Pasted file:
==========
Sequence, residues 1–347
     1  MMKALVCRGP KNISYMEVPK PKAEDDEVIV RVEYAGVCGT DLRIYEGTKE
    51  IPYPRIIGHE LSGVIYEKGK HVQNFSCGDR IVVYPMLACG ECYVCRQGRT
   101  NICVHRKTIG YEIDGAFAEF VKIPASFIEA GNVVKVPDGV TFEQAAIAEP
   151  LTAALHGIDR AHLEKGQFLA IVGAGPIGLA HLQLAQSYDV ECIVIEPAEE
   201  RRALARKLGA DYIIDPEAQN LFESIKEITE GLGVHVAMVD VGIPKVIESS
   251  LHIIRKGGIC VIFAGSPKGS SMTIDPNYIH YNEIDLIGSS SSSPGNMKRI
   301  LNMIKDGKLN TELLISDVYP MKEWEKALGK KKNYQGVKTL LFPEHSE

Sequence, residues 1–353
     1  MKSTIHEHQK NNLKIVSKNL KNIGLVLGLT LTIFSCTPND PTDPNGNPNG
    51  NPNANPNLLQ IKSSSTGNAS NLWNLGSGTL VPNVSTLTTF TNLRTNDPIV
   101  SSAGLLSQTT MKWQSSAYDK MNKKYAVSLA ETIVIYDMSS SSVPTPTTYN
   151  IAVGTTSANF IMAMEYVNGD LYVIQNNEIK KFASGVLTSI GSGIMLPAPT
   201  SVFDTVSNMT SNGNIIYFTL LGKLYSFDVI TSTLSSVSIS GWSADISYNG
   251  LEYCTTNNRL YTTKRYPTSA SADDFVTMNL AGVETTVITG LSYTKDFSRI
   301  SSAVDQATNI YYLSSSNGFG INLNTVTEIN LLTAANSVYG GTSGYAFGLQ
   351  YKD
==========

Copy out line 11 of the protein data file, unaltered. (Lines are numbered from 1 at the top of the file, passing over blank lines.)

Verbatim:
    51  NPNANPNLLQ IKSSSTGNAS NLWNLGSGTL VPNVSTLTTF TNLRTNDPIV